POETRY FROM PARADISE VALLEY

POETRY FROM PARADISE VALLEY
Click Image to Visit the Pecan Grove Press Web Page for Poetry from Paradise Valley

POETRY FROM PARADISE VALLEY web page

Poetry From Paradise Valley

Pecan Grove Press has released an anthology of poems, a sampling of works published in Valparaiso Poetry Review during its first decade, from the original 1999-2000 volume to the 2009-2010 volume.


Poetry from Paradise Valley includes a stellar roster of 50 poets. Among the contributors are a former Poet Laureate of the United States, a winner of the Griffin International Prize, two Pulitzer Prize winners, two National Book Award winners, two National Book Critics Circle winners, six finalists for the National Book Award, four finalists for the National Book Critics Circle Award, two finalists for the Pulitzer Prize, and a few dozen recipients of other honors, such as fellowships from the Guggenheim Foundation, the National Endowment for the Arts, etc.

Readers are encouraged to visit the Poetry from Paradise Valley page at the publisher's web site, where ordering information about the book can be found.

Best Books of Indiana 2011: Finalist. Judges' Citation: "Poetry from Paradise Valley is an excellent anthology that features world-class poetry, including the work of many artists from the Midwest, such as Jared Carter, Annie Finch, David Baker, and Allison Joseph. It’s an eclectic and always interesting collection where poems on similar themes flow into each other. It showcases the highest caliber of U. S. poetry."
—Indiana Center for the Book, Indiana State Library

Wednesday, July 14, 2010

"Wake": Poetic Response to the Gulf Oil Spill



. . . spotted with dark clots, each swirl
of oil floats near the beach.


As the flow of oil in the Gulf of Mexico continues to spread, nearly three months after the initial explosion at the Deepwater Horizon rig in late April, the full extent of the disaster still cannot be predicted. Even if current attempts to cap the gusher succeed soon, tragic consequences for the waters and shoreline of coastal states will continue to spread throughout the area. In addition, one can only guess the number of years, perhaps even decades, over which the damaged region will be negatively impacted, environmentally and economically. Finally, nobody will ever be able to measure the detrimental emotional toll and injury to individuals’ spirits that will result from this harmful experience.

Like many writers, nature has constantly remained an integral focus of my work, not only as a poet, but also as a professor teaching environmental literature courses. In fact, having lived by the ocean throughout my years growing up and now residing only a dozen miles from the magnificent dunes along Lake Michigan, my writing has incorporated seascapes and shoreline characteristics throughout my body of publications.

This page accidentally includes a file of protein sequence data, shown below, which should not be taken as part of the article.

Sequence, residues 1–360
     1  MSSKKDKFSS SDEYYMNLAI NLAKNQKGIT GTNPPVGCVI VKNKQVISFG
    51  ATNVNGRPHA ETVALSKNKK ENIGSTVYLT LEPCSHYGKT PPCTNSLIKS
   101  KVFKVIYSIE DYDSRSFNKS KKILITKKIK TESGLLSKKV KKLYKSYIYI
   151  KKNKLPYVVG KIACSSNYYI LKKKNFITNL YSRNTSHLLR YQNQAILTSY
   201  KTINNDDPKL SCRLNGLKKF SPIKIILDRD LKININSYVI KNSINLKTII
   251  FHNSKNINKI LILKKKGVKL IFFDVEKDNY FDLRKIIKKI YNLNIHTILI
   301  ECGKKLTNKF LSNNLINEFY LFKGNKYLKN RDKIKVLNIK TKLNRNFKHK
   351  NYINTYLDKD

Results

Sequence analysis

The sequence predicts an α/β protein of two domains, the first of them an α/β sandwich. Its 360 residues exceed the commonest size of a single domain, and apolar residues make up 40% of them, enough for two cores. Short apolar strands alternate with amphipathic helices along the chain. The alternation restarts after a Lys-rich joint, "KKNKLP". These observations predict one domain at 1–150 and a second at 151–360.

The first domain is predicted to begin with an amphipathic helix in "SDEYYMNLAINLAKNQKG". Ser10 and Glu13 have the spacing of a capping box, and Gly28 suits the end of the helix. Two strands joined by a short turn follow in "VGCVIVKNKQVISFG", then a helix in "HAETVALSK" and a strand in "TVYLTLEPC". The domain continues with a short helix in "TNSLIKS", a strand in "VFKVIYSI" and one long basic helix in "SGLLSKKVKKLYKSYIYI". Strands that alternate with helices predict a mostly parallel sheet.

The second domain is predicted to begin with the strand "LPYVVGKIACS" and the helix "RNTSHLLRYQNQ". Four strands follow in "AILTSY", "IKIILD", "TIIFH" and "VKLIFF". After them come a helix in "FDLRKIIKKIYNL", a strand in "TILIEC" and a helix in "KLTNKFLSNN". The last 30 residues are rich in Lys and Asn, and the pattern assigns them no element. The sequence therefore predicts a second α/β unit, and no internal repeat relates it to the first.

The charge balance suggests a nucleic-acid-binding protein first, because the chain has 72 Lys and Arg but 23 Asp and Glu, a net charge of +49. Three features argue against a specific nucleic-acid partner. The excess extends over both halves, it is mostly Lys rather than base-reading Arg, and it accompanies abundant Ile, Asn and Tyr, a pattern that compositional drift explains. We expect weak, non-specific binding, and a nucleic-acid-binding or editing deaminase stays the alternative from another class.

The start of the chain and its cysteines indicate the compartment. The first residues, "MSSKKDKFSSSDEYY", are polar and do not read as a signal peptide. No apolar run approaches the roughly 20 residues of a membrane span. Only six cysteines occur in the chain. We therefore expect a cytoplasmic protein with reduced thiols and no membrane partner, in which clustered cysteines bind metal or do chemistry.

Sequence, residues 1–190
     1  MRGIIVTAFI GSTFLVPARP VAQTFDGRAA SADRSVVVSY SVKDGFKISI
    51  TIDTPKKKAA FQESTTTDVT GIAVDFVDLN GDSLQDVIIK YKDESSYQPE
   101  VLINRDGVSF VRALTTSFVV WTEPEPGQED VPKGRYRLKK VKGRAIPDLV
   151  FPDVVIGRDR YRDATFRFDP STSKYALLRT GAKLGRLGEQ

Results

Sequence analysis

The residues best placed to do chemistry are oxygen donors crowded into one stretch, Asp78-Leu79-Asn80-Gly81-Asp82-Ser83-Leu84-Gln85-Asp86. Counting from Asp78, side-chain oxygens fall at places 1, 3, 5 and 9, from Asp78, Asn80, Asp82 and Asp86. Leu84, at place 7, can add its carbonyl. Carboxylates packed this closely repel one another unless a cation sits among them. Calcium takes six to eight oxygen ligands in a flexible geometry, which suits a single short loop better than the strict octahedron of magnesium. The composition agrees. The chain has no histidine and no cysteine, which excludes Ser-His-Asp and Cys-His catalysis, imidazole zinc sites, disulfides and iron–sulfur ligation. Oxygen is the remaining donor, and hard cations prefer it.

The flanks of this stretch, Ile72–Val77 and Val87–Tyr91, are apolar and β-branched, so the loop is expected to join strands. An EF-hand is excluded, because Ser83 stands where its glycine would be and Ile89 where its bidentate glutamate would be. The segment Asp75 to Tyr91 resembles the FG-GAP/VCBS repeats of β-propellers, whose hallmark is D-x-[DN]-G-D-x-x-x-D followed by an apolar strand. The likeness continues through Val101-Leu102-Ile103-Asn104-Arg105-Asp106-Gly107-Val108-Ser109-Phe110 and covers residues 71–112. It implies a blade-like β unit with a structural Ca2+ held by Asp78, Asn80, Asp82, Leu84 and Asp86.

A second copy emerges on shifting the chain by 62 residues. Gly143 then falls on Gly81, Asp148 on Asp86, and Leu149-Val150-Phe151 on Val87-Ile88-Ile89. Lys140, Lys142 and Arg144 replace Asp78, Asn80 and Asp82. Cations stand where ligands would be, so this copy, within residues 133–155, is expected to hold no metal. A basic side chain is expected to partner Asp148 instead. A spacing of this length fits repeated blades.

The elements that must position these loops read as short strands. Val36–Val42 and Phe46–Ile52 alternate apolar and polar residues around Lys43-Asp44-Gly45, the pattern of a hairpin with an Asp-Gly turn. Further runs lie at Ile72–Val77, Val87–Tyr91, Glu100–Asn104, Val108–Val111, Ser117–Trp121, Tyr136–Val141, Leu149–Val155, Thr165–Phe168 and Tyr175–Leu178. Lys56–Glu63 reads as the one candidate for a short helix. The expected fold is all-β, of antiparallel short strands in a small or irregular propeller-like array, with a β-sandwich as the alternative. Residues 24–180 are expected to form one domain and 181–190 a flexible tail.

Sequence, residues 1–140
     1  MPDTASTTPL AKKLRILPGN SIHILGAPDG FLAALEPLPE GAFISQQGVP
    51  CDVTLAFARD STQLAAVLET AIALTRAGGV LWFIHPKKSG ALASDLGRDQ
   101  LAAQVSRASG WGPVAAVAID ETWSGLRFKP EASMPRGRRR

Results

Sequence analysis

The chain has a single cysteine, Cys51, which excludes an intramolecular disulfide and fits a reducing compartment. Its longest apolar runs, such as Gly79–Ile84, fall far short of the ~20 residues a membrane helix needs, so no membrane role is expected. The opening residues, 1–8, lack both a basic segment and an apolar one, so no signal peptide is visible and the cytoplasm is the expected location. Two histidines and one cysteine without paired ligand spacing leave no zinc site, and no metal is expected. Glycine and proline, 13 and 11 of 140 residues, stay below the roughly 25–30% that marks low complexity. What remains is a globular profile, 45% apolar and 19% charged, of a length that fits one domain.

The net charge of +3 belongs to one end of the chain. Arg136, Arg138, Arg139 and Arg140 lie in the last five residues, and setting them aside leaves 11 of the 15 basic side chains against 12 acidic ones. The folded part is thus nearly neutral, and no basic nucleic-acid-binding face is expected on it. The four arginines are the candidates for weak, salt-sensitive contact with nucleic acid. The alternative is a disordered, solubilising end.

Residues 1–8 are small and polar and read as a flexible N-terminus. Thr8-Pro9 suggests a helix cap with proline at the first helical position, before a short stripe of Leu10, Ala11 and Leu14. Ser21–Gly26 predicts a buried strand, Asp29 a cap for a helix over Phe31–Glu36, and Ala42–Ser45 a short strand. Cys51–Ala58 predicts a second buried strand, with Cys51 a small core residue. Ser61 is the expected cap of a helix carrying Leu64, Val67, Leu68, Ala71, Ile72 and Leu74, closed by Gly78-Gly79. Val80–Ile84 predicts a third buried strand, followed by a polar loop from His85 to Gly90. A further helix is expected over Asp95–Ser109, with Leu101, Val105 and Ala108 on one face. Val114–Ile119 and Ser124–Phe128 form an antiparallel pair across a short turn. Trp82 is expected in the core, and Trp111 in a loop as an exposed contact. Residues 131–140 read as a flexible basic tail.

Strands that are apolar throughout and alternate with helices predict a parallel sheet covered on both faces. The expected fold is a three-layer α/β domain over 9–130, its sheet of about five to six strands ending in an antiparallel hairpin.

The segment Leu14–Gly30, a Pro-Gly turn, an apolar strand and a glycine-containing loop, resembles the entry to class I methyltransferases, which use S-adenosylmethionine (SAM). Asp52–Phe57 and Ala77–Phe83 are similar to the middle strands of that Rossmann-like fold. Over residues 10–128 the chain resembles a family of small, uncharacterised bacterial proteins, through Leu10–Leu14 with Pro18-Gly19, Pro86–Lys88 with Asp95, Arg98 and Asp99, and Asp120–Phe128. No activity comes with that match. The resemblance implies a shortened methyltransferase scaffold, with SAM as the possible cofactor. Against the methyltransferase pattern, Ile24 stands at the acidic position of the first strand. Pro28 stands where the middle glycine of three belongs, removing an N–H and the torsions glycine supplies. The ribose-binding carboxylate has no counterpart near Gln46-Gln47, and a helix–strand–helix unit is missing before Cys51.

Therefore, as has been the case for a number of other authors, my response to the heartbreaking scenes reported in the news and seen on my television screen has involved seeking expression through lines of poetry. Indeed, the tremendous amount of poems composed as a reaction to this historic event can be observed by readers who choose to visit Poets for Living Waters, a blog site designed by editors Amy King and Heidi Lynn Staples to display on the web examples of poetry being produced in response to the catastrophe.

In recent weeks I have written a few poems inspired by images and circumstances arising since the beginning of this unfortunate situation, and I have contributed one of those pieces, “Wake,” to Poets for Living Waters. The version at Poets for Living Waters is a draft written during the early days of the oil spill, which I have altered slightly and reprint here, including a minor change of title that carries multiple meanings I trust readers will recognize:


WAKE

. . . . . I

The skyline opens under early sunshine.
. . . . . Amid slightest shift of a mild breeze,

slender shafts of marsh grass provide
. . . . . a border for the shoreline. Every blade

wavers above waters hiding its roots.
. . . . . Stains yet remain from the nightly rise

of a high tide, as dawn light brightens
. . . . . a seascape painted with fresh strokes.


. . . . . II

New hues deepen from blue to black.
. . . . . Along the shoal one last boat slowly

passes toward that vast morning sky.
. . . . . Somewhere closer to a shore already

spotted with dark clots, each swirl
. . . . . of oil floats near the beach. A sheen

smears the surface of these shallows,
. . . . . stirring in the littlest waves of a wake.


. . . . . —Edward Byrne

2 comments:

Eternal said...

Its very useful article. I like it
Thanks
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Maureen said...

Tiny change to the title but great in terms of allowing for the multiple meanings.

I also very much like your other changes (from "shoots" to "shafts"; the addition of "yet"; from "stains" to "smears"), each alteration minor, yes, but together creating a shift in the meaning of the catastrophe's implications.